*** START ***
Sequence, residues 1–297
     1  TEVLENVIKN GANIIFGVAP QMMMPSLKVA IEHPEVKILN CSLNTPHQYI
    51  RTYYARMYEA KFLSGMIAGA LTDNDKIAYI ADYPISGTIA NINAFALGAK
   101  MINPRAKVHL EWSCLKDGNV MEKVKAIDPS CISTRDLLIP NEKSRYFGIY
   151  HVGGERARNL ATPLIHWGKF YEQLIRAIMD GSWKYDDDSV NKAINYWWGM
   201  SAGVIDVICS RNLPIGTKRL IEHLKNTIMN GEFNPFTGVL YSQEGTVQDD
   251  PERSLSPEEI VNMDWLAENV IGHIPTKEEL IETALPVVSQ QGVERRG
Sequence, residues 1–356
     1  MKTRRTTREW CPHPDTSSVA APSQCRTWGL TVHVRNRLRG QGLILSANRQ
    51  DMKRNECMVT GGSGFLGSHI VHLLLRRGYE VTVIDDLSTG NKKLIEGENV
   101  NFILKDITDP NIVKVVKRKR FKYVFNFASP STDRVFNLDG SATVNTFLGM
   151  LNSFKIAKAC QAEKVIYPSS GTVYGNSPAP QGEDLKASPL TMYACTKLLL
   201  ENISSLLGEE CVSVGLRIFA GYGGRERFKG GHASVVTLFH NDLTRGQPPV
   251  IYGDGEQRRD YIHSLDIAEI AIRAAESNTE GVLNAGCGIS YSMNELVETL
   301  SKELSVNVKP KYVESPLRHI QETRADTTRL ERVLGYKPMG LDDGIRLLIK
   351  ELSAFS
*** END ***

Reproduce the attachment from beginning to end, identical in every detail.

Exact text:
Sequence, residues 1–297
     1  TEVLENVIKN GANIIFGVAP QMMMPSLKVA IEHPEVKILN CSLNTPHQYI
    51  RTYYARMYEA KFLSGMIAGA LTDNDKIAYI ADYPISGTIA NINAFALGAK
   101  MINPRAKVHL EWSCLKDGNV MEKVKAIDPS CISTRDLLIP NEKSRYFGIY
   151  HVGGERARNL ATPLIHWGKF YEQLIRAIMD GSWKYDDDSV NKAINYWWGM
   201  SAGVIDVICS RNLPIGTKRL IEHLKNTIMN GEFNPFTGVL YSQEGTVQDD
   251  PERSLSPEEI VNMDWLAENV IGHIPTKEEL IETALPVVSQ QGVERRG
Sequence, residues 1–356
     1  MKTRRTTREW CPHPDTSSVA APSQCRTWGL TVHVRNRLRG QGLILSANRQ
    51  DMKRNECMVT GGSGFLGSHI VHLLLRRGYE VTVIDDLSTG NKKLIEGENV
   101  NFILKDITDP NIVKVVKRKR FKYVFNFASP STDRVFNLDG SATVNTFLGM
   151  LNSFKIAKAC QAEKVIYPSS GTVYGNSPAP QGEDLKASPL TMYACTKLLL
   201  ENISSLLGEE CVSVGLRIFA GYGGRERFKG GHASVVTLFH NDLTRGQPPV
   251  IYGDGEQRRD YIHSLDIAEI AIRAAESNTE GVLNAGCGIS YSMNELVETL
   301  SKELSVNVKP KYVESPLRHI QETRADTTRL ERVLGYKPMG LDDGIRLLIK
   351  ELSAFS